Jackson accuser's mom pleads the Fifth
The mother of Michael Jackson’s accuser testified on Wednesday about her son’s allegations regarding the singer, but she would not discuss her own alleged misdeeds. Judge Rodney Melville allowed her to plead the Fifth Amendment and avoid making possibly self-incriminating statements regarding allegations of welfare fraud. Melville’s ruling banning that topic came despite the objections of Jackson’s defense team, which has tried to paint her as a liar and grifter with a history of targeting wealthy institutions and celebrities.
The mother said she became ”uneasy” early on about her cancer-stricken son’s friendship with Jackson, but she allowed her kids to return to Neverland in 2002 at the invitation of Chris Tucker, one of the famous comedians the family had befriended, a man she said she trusted.
According to the Associated Press, the mother became tearful when she described the one-room apartment she and her sons lived in until 2003. Jackson’s attorneys contend that she and the family actually spent most of their time at the boy’s grandmother’s home but used the apartment to gain the sympathy of celebrities and others. One of those others, the defense alleges, was her then-boyfriend, who married her in 2004, a year after the alleged molestation of his stepson took place. On Tuesday and early Wednesday, the stepfather had testifed, saying that he was unaware of possible welfare violations when he was supporting her financially in 2003. ”I didn’t know any rules with regard to welfare,” he told the defense. ”She was my girlfriend, they were her children. If I gave her any money, it was out of the goodness of my heart.”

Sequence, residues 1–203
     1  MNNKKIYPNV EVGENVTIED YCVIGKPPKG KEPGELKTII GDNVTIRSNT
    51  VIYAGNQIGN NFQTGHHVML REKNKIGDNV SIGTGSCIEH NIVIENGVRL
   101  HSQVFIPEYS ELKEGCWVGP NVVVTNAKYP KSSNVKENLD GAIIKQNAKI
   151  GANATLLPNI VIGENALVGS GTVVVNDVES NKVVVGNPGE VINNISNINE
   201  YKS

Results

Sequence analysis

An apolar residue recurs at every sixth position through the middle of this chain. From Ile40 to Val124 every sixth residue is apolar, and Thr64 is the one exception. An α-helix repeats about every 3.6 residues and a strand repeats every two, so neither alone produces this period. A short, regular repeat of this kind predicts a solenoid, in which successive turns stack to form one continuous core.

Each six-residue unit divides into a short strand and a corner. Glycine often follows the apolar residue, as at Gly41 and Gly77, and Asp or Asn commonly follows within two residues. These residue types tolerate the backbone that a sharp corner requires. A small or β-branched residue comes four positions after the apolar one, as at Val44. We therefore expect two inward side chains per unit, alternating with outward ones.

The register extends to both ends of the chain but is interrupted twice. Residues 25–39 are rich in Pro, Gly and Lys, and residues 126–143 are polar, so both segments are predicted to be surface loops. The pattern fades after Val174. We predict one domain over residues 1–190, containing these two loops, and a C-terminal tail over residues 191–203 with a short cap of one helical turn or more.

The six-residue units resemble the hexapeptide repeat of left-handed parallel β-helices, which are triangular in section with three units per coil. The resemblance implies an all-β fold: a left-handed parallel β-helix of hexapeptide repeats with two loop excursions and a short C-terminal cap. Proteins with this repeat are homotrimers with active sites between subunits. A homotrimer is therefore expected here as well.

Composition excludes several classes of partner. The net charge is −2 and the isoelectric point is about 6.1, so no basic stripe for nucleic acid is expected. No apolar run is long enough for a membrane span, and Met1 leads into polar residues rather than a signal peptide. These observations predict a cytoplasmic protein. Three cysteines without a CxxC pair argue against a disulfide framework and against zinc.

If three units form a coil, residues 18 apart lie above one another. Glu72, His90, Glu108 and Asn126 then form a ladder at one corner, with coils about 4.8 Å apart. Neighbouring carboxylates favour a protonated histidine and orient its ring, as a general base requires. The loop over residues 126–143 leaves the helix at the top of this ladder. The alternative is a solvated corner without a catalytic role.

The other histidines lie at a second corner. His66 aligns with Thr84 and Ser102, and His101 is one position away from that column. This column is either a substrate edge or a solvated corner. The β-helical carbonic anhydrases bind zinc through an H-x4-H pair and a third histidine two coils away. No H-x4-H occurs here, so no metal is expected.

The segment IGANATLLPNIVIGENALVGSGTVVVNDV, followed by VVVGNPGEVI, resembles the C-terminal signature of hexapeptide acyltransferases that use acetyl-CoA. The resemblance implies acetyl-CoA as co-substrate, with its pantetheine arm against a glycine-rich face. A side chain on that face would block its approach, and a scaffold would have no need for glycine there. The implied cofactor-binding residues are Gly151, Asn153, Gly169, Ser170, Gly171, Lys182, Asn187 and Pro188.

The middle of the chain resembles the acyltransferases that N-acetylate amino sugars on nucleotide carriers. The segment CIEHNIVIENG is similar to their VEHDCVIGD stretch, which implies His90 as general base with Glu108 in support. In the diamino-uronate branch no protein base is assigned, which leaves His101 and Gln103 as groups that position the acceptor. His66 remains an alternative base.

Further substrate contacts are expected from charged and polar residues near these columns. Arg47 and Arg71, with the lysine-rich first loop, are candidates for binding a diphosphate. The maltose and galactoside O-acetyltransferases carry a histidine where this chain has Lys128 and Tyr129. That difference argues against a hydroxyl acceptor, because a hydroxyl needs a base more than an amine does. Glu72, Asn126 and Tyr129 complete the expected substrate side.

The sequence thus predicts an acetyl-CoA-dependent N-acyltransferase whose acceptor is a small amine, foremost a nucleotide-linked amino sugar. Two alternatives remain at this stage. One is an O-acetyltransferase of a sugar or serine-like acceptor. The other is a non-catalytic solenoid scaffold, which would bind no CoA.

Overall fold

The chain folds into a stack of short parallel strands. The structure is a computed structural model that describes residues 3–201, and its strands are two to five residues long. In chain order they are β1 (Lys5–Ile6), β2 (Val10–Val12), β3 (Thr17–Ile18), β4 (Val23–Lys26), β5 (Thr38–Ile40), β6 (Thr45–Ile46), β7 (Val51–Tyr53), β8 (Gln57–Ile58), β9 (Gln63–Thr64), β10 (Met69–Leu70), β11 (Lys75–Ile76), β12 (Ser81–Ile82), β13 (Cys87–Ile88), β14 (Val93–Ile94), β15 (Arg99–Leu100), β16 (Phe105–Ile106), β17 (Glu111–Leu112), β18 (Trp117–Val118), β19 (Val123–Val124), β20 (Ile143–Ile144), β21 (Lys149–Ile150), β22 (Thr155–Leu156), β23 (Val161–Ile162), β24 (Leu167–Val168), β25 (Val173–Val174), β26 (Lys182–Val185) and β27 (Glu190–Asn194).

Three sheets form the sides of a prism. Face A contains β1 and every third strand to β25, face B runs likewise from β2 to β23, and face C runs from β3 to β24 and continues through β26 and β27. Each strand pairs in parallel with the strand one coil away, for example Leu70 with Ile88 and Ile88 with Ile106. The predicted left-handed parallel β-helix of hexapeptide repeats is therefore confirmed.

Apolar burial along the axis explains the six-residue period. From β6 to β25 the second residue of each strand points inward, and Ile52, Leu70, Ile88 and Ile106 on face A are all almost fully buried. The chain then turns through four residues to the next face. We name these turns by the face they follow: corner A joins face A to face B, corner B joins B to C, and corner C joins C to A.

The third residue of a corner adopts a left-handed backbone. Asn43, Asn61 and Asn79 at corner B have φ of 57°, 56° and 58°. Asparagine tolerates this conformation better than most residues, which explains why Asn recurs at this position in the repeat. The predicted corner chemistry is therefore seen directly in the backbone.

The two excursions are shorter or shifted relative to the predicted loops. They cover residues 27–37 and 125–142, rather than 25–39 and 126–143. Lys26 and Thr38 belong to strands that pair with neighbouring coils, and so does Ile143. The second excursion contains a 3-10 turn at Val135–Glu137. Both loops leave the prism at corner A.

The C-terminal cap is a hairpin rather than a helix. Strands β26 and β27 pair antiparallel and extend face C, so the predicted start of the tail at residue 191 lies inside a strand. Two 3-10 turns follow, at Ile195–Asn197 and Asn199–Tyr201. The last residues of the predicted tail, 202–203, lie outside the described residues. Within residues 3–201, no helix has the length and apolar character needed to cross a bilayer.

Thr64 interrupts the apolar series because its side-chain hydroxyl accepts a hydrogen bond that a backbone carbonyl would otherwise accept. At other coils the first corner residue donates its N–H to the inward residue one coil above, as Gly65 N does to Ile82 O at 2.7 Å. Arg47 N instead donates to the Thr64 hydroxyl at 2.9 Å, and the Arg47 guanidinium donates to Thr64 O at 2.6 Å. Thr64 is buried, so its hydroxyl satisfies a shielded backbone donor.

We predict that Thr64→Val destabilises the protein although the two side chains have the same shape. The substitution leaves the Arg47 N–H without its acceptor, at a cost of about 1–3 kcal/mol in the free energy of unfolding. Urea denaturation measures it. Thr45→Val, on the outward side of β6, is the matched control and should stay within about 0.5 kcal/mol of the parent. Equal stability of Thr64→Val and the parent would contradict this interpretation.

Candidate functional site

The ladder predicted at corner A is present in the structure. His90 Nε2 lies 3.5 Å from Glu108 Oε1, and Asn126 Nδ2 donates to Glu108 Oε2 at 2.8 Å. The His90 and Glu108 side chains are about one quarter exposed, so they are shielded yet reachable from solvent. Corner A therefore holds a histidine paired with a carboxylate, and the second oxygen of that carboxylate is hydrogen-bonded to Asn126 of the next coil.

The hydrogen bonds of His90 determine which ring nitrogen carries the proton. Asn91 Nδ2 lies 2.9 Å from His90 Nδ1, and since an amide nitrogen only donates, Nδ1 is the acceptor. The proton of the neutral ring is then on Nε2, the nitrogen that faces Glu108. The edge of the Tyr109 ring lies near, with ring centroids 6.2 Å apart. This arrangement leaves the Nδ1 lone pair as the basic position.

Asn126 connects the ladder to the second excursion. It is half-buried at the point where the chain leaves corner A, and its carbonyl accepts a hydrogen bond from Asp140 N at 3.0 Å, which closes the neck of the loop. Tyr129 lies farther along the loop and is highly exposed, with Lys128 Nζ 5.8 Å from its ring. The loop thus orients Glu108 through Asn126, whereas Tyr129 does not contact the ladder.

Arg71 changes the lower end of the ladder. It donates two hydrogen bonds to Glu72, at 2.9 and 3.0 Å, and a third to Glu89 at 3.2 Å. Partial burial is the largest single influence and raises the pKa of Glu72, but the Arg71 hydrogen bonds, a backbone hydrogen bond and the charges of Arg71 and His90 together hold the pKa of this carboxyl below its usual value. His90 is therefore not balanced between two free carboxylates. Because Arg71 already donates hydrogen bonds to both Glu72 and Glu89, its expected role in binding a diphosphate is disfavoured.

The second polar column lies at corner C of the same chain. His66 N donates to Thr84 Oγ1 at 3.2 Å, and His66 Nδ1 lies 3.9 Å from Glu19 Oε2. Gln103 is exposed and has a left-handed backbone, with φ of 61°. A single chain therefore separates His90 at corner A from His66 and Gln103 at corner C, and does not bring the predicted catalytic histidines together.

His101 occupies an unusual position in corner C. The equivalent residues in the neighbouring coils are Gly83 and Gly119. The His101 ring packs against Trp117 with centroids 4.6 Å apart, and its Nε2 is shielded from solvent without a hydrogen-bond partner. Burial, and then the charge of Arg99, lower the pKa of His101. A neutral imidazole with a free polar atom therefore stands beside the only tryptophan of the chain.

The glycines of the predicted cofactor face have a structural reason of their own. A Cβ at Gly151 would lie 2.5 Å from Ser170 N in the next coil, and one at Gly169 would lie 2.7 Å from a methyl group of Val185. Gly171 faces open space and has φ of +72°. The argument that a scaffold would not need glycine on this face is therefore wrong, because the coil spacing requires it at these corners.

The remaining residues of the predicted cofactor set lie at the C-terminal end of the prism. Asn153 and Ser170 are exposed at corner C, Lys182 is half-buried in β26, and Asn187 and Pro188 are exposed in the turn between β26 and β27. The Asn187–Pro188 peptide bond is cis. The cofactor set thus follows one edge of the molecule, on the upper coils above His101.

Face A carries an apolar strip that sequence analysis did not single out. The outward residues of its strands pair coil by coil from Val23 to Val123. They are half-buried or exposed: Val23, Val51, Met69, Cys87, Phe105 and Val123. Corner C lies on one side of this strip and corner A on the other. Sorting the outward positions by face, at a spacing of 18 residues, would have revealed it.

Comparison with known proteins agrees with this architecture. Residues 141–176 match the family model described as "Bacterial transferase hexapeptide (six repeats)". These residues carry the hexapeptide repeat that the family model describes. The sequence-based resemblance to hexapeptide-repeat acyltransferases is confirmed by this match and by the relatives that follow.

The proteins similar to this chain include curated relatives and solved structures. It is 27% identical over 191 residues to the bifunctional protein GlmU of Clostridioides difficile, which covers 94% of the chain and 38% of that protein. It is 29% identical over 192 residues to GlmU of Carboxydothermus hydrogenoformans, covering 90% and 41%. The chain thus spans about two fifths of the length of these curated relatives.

During his testimony, the stepfather denied seeking payment for the family’s appearance in a video that would rebut the suggestions of scandal in the 2003 Martin Bashir documentary, but he said a Jackson aide had offered the family a house and college tuition in an effort to secure their participation. He denied telling police at one point that he did not believe the mother was in danger as she left Neverland. He said that the accuser, upon his final return from Neverland, showed a change in behavior, acting ”mean” and ”rude” and using curse words. ”It appeared to me he’d been brainwashed by someone,” the stepfather said on the stand, eliciting an objection from the defense that the judge sustained, asking jurors to disregard the remark.
The defense played for the man a recording made after the Bashir documentary aired, a tape of a conversation between the family and a private investigator working for Jackson, in which the family praised Jackson for his support, with the mother saying the pop star was ”like a father … unselfish, kind, exhibiting unconditional love.” That prompted the stepfather to roll his eyes, AP reports.